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A Pallikaris, DR Williams; Temporal Variation in the Reflectance of Single Cones in the Living Human Eye . Invest. Ophthalmol. Vis. Sci. 2002;43(13):1969.
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© ARVO (1962-2015); The Authors (2016-present)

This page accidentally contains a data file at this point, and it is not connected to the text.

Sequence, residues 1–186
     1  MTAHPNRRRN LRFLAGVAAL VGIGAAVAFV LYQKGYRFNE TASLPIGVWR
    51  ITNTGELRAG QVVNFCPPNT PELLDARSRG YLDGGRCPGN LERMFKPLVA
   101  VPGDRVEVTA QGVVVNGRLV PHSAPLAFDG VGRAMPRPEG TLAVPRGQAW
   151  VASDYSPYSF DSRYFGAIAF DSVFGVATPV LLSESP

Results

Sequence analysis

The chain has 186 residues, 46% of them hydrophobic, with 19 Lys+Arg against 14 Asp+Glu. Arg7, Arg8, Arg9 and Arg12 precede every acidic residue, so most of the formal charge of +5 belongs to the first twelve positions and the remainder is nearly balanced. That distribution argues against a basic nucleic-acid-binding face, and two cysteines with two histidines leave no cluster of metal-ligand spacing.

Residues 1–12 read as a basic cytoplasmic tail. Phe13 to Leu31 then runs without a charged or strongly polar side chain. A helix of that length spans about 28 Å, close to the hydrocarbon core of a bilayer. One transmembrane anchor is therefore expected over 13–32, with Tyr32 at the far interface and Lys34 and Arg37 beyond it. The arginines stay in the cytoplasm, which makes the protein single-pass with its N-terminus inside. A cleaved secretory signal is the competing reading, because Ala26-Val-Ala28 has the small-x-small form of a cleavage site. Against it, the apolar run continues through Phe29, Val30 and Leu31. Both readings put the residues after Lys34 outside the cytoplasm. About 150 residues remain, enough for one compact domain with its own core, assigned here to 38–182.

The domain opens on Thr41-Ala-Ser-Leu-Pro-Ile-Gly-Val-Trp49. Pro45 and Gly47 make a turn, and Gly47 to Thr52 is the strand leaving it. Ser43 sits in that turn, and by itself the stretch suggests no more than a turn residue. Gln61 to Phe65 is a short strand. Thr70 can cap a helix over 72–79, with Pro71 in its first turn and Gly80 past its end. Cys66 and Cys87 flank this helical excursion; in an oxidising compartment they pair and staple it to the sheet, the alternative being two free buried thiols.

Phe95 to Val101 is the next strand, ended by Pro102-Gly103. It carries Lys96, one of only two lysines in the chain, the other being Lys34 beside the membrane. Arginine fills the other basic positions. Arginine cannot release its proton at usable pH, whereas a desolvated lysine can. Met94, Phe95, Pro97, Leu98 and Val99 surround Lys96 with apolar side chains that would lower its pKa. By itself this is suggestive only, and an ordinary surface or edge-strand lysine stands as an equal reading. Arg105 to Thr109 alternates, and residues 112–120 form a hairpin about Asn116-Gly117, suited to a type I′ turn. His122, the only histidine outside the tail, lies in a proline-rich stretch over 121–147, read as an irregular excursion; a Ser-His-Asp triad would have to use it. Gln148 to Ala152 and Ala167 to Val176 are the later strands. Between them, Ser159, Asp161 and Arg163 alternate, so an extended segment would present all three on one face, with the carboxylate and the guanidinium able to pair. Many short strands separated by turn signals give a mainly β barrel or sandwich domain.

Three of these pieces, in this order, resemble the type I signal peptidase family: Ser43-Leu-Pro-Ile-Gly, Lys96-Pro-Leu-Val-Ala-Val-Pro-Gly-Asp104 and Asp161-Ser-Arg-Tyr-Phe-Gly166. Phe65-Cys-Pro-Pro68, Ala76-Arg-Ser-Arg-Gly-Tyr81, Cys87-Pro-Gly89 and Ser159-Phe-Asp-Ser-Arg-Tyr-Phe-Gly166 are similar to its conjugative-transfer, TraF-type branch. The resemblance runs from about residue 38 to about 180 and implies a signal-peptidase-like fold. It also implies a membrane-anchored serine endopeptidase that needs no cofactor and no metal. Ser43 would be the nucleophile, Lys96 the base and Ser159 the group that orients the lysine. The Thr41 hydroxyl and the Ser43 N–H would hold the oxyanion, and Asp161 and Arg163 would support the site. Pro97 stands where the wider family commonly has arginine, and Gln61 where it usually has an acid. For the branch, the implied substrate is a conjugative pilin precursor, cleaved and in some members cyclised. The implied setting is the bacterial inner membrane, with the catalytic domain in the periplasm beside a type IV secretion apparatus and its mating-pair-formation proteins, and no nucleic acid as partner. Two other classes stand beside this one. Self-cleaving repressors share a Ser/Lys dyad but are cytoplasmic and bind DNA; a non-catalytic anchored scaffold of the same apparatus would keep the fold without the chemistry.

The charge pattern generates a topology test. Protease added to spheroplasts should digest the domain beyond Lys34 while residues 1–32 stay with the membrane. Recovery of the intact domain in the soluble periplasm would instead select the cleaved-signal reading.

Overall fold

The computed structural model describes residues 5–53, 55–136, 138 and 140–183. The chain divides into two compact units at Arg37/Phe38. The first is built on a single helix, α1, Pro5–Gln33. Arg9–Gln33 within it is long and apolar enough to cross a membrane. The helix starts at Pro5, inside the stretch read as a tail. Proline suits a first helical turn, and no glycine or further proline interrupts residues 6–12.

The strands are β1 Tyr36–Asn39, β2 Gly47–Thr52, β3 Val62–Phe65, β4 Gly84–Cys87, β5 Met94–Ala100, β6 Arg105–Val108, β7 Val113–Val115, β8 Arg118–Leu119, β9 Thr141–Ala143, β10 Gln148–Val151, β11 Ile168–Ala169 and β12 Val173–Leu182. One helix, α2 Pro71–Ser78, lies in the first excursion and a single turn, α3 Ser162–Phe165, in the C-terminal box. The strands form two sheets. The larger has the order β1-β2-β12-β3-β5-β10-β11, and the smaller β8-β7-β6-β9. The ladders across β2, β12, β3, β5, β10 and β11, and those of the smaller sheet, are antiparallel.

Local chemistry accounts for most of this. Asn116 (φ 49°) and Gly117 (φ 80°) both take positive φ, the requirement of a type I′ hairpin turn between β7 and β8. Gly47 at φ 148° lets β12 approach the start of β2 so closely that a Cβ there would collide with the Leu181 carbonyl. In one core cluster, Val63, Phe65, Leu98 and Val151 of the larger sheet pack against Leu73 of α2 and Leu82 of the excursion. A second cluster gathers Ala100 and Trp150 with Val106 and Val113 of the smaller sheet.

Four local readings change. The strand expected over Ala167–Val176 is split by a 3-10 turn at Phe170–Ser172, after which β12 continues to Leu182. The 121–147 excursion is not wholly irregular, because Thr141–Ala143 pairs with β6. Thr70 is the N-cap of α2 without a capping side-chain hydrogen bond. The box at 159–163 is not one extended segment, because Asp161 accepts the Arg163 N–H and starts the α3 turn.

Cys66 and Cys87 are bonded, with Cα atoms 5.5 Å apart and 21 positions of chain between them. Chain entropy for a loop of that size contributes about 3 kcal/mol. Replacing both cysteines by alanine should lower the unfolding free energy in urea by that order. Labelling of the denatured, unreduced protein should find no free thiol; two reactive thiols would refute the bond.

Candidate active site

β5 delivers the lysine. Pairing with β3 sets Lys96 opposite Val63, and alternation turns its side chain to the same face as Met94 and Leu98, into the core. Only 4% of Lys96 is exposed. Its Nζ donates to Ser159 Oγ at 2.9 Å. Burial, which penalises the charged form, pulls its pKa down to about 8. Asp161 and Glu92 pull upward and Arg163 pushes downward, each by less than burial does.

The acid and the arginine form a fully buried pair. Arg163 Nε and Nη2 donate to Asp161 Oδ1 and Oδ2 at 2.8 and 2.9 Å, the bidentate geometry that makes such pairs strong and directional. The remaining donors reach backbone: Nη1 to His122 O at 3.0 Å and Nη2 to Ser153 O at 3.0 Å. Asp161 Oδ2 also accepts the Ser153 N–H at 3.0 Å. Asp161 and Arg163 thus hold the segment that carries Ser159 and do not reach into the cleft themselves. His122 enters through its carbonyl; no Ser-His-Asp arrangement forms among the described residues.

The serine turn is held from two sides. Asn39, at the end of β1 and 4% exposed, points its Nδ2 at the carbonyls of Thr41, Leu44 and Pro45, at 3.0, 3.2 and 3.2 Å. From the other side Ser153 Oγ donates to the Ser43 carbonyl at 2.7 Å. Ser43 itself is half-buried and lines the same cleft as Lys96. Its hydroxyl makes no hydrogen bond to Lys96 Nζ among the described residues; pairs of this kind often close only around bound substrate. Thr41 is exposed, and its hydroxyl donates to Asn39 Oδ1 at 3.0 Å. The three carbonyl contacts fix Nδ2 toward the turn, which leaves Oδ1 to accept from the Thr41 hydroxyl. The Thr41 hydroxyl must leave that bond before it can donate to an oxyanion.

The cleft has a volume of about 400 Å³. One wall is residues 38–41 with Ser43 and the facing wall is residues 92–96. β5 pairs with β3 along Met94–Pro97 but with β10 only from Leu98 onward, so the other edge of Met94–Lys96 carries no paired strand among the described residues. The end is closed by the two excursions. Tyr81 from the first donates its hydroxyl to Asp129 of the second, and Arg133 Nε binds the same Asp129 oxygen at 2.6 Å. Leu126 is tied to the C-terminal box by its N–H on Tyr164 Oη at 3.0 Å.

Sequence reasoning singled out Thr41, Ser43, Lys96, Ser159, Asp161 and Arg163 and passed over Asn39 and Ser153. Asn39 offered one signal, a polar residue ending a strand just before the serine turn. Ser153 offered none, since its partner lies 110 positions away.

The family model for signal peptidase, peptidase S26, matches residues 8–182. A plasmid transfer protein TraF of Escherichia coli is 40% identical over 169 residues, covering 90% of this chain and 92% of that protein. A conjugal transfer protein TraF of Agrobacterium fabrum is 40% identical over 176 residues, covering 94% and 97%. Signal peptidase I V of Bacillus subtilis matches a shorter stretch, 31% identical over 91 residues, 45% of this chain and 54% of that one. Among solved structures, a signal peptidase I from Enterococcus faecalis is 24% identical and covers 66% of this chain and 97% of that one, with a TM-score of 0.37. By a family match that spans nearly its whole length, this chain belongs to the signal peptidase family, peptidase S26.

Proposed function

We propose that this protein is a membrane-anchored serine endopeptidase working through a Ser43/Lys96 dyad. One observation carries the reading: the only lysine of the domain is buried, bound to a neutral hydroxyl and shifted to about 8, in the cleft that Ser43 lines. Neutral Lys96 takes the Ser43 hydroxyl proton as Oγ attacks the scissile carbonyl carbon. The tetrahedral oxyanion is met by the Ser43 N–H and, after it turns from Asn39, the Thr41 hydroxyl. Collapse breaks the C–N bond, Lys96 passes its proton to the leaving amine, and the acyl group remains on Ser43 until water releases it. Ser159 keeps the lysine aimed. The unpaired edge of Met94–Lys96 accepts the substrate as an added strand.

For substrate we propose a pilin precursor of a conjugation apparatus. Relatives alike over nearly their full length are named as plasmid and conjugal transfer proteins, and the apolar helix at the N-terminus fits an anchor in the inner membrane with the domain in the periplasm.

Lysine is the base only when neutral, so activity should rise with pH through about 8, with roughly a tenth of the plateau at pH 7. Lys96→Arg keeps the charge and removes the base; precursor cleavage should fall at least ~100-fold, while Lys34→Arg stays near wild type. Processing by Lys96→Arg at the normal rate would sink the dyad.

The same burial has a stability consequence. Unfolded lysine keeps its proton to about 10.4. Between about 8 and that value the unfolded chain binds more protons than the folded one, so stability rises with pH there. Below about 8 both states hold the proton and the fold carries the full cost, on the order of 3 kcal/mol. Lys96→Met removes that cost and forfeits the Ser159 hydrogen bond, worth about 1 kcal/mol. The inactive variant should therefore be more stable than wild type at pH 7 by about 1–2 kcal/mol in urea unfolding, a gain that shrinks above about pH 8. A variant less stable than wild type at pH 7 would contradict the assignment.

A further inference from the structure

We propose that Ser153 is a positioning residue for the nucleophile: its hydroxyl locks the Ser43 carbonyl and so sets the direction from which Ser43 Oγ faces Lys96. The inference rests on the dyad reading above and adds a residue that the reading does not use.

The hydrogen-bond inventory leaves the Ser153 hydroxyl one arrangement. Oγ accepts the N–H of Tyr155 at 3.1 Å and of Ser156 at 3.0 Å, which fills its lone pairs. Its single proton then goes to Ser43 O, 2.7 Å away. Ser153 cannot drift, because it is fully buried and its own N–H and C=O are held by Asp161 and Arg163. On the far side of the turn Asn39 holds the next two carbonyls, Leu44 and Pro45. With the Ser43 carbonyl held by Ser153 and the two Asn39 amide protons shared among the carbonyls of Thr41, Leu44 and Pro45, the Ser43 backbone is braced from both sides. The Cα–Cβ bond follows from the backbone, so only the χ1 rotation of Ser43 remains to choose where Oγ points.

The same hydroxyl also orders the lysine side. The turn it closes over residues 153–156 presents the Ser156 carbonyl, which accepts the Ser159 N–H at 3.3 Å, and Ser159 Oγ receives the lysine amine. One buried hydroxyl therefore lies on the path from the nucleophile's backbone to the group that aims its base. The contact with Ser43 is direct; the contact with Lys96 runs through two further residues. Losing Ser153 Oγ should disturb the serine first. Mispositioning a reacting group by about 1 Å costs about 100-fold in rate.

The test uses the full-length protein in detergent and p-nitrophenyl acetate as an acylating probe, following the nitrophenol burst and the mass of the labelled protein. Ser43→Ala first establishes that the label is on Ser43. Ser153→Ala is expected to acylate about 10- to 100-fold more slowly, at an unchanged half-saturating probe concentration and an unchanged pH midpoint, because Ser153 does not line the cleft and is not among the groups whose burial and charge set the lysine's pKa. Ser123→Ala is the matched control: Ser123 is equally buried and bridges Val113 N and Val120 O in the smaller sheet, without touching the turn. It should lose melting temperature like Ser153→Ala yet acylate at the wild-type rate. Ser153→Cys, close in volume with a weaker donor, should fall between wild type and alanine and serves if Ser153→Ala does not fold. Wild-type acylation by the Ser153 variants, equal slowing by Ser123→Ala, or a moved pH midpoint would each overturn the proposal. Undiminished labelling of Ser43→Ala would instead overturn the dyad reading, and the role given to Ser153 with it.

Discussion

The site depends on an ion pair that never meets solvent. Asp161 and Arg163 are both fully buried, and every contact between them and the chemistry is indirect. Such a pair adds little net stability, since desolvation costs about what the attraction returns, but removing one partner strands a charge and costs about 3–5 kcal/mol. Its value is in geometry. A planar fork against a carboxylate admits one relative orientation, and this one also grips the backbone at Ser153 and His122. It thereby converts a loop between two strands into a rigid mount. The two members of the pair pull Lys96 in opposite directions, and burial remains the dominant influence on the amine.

Purpose: Adaptive optics allows the observation of single cone photoreceptors in the living human eye. In all eyes in which we have been able to image cones, there are large differences in the reflectance of different cones, even when all the photopigment is bleached. To help understand what produces this variation, we explored how the reflectance of cones changes over time. Methods: High-resolution, fully-bleached cone images were acquired in one eye using an adaptive optics system. We collected images over a 10 minute period approximately every hour for 24 hours. The subject followed his normal schedule during the day, though sleep was disrupted at night. A minimum of 3 images were registered and summed for each hourly sample. Images were acquired on two different days. To characterize rapid changes in reflectance, we also collected images in rapid succession within periods of several minutes. To quantify any variation in reflectance over time, we crosscorrelated pairs of images taken at different times and plotted the correlation as a function of the time between image acquisition. Results: The spatial variation of cone reflectance across the mosaic at any one time appears unsystematic. However, the reflectance of individual cones changes over time, causing the correlation between pairs of images to decrease continuously as a function of time elapsed between image acquisition out to at least 24 hours. In some cases, the reflectance of a cone can even change quite rapidly by as much as a factor of 2.4 within 10 minutes. Conclusions: The reflectance of individual cones is not a static property of the mosaic but changes over time. Large changes can be observed over periods of minutes as well as many hours. Previous work has shown that the spatial variation in reflectance is not related to variation in the optical axes of different cones. The demonstration of temporal variation here shows that a dynamic process is involved such as, conceivably, disc shedding.
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